Dear members of the McGill community,
Our campuses usually become much quieter during summer but, of course, there is nothing “usual” about the year we are having. Indeed, even though the vast majority of us will continue to work remotely for the foreseeable future, our campuses are becoming increasingly livelier, relatively speaking. Here are this week’s updates on progress and developments relating to McGill’s continued operations during the COVID-19 lockdown.
We are nearing the end of the second week of Phase 2 of the gradual resumption of select on-campus research activities, and I’m pleased to report that those activities are progressing well.
Phase 2 continues to be deployed under a strictly controlled environment, following public health authority directives, to ensure our community’s health and safety. Throughout the ramp-up process, the University is conducting ongoing assessments of public health and government directives, adherence to the protocols enacted in re-opened buildings, the availability of personal protective equipment (PPE), and the outcome of the Environmental Health & Safety (EHS) inspections.
Starting the week of June 22, Phase 3 will begin with the following:
- Burnside Hall
- Duff Medical Building
- Frank Dawson Adams Building
- Irving Ludmer Psychiatry Research and Training Building
- McGill Genome Centre
- Redpath Museum research areas (museum will remain closed to the public)
- All Macdonald Campus facilities that have not already reopened
Working on campus
To help facilitate the safe return of those select employees who have been granted permission to work on campus, the University has developed a practical quick reference guide that you are asked to consult before coming to campus for the first time.
If you have been authorized to work on campus, please remember that you are required to read and follow the mandatory directives, including a strong recommendation from public health authorities to wear a face covering especially when two-meter physical distancing is not possible, and watch training videos for preventing the spread of COVID-19.
The disclosure of exposure or illness is essential for safeguarding health and safety, and limiting transmission in the McGill community. Prior to entering any McGill building, all employees (including student employees) and students must complete, on a daily basis, the Minerva self-assessment form.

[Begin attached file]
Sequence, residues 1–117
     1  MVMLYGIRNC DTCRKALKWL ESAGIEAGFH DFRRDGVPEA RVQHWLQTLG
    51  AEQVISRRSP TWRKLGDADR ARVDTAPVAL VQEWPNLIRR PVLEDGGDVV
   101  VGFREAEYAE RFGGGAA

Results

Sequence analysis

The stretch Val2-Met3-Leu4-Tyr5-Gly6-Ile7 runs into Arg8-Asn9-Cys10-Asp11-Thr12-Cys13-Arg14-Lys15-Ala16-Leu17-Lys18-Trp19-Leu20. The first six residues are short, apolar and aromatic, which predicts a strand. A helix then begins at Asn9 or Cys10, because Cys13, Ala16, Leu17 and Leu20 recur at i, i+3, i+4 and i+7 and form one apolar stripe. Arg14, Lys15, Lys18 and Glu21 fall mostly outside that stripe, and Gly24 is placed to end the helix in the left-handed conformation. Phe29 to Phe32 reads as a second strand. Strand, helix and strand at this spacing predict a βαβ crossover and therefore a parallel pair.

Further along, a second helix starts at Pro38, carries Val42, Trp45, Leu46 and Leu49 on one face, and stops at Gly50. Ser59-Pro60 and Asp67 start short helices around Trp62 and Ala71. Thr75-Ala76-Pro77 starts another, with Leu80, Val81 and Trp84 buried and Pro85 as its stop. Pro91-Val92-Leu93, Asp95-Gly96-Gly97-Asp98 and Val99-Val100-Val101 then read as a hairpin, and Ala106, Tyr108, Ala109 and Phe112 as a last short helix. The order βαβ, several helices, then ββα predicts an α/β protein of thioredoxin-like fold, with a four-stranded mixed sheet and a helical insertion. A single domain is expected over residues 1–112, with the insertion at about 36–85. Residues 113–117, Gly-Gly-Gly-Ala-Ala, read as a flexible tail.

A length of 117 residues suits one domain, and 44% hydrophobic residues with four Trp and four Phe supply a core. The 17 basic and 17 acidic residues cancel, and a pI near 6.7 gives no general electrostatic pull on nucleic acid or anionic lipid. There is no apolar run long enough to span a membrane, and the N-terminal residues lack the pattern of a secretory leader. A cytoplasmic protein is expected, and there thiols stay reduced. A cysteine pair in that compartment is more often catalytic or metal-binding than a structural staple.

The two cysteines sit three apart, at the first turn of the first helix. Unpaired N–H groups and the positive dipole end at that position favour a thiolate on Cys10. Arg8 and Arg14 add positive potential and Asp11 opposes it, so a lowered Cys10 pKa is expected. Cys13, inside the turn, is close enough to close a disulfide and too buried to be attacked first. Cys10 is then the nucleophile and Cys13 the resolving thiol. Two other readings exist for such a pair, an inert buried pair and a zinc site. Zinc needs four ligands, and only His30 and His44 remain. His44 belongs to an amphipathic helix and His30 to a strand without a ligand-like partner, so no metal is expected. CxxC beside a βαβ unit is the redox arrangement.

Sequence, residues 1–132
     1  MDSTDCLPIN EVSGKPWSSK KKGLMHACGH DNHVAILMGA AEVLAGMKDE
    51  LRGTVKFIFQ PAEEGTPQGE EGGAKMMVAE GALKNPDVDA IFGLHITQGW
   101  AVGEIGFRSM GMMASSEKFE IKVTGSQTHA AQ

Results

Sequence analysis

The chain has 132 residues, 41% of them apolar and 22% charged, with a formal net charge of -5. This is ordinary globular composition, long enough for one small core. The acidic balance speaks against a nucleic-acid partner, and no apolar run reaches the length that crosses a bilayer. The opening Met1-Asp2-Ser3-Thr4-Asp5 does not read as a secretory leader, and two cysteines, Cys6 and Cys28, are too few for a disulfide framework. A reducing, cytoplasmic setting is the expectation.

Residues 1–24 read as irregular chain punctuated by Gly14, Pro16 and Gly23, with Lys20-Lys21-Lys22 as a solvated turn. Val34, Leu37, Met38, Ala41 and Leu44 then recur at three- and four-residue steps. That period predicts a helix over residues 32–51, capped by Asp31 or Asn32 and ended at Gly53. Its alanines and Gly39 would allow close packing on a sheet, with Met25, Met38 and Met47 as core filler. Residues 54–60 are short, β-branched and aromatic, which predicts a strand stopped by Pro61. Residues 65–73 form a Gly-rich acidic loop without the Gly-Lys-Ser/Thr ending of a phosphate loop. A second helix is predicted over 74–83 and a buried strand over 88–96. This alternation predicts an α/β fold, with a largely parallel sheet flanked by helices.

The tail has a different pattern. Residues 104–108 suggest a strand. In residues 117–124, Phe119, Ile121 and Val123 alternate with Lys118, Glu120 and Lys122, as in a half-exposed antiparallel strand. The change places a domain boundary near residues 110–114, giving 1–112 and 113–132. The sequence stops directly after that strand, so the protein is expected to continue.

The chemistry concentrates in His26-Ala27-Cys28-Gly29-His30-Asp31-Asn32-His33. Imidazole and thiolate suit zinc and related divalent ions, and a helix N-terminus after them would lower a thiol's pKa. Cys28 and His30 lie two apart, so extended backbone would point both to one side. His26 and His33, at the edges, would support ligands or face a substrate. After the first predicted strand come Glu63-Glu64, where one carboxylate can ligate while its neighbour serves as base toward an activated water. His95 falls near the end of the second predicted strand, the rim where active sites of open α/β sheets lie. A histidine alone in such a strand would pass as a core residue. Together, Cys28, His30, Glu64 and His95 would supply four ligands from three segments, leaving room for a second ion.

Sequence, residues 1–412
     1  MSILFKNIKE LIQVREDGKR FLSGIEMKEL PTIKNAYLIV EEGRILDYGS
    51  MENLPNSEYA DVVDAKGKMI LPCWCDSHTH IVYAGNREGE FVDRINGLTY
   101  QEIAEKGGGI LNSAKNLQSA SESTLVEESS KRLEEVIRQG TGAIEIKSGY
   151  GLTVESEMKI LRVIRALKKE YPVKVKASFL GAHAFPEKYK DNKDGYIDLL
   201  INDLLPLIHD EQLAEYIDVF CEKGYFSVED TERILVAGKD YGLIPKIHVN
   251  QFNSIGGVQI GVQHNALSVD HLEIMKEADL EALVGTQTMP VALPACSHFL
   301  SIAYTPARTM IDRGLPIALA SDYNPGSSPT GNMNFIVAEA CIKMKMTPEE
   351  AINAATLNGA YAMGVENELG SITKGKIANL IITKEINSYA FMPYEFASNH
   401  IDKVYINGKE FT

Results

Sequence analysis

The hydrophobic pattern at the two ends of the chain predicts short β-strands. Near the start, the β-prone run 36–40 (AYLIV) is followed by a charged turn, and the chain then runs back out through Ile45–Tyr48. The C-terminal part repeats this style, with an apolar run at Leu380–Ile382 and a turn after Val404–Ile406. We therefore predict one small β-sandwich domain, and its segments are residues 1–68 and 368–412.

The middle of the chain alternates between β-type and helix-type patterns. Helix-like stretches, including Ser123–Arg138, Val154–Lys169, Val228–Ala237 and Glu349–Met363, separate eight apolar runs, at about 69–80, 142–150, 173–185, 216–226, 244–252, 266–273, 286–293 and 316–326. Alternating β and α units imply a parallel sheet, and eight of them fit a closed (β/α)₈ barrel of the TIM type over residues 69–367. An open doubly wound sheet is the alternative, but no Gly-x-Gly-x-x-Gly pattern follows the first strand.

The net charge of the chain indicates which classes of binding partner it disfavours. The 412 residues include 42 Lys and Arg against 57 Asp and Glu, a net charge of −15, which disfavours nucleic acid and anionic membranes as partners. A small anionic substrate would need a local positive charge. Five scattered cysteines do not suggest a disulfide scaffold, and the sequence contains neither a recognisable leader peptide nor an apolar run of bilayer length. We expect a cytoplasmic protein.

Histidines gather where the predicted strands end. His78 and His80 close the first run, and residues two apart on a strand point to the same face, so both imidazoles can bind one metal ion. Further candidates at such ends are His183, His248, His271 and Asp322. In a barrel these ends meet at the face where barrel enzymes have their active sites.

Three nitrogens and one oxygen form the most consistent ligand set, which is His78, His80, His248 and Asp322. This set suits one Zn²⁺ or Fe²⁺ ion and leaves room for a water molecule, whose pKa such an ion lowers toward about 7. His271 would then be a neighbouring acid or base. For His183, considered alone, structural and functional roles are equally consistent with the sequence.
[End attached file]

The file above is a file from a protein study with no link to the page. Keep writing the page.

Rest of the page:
Although only approved necessary activities are currently allowed on campus, the Emergency Operations Centre (EOC) is beginning to look at selectively authorizing some on-campus operations and practical teaching activities that cannot be carried out remotely. To help this process, it has published a framework for the gradual resumption of activities on campus, which include key elements to consider (for example, prioritizing work from home when efficient, and determining which activities require physical distancing, physical barriers and/or PPE), the approvals required for various types of activities, and the corresponding directives.
The EOC has also published directives for the resumption of other on-campus activities, not relating to teaching, research or construction. These directives include a summary of required approvals and an outline of what information must be included in a proposed resumption plan.
Please note that EOC authorization will depend on whether an activity can comply with safety directives, as well as the prioritization of the resources required to plan and operate the activity.
We are excited to see that we are getting a very strong signal from our newly admitted students confirming their acceptance to join the thousands of already-registered returning students in the fall. It is a great demonstration of the confidence and trust our community has in our ability to deliver our academic programs and courses throughout the Fall term, as well as in the planning and work being done by the academic leadership and staff all across the University to examine possibilities for on-campus student life and learning activities, which will respect careful safety protocols. We know that a lot of students are planning on being in Montreal in the Fall, and many of our newly admitted students are looking to book their spots in our residence halls.
The University recognizes that the McGill experience is about more than classrooms and academics, so we are actively working on building student engagement initiatives to strengthen connections among our student community. We are working closely with students to plan and develop virtual welcome and orientation activities for incoming students, as well as initiatives for preparing returning students for a virtual environment. Proposed initiatives include:
- A one-stop-shop landing page for engagement and student connections
- Peer-to-peer engagement allowing students to network
- Connecting incoming students with returning students and recent grads to get a good taste of the McGill experience
- Virtual student communities for diverse student populations
- Forming virtual interest groups and activities, wellness, art hives, etc.
- Experiential learning opportunities including community engagement and work experience
- Virtual engagement activities in combination with in-person activities as restrictions are lifted
Fall 2020 student fees
Last but not least, the University has defined principles governing non-tuition fees for the Fall 2020 semester: individual non-academic services, ancillary fees, course-specific fees and program-specific fees.
Thank you, as always, for your time and dedication. I hope you are keeping healthy and in good spirits.
Deputy Provost (Student Life and Learning), on behalf of the Emergency Operations Centre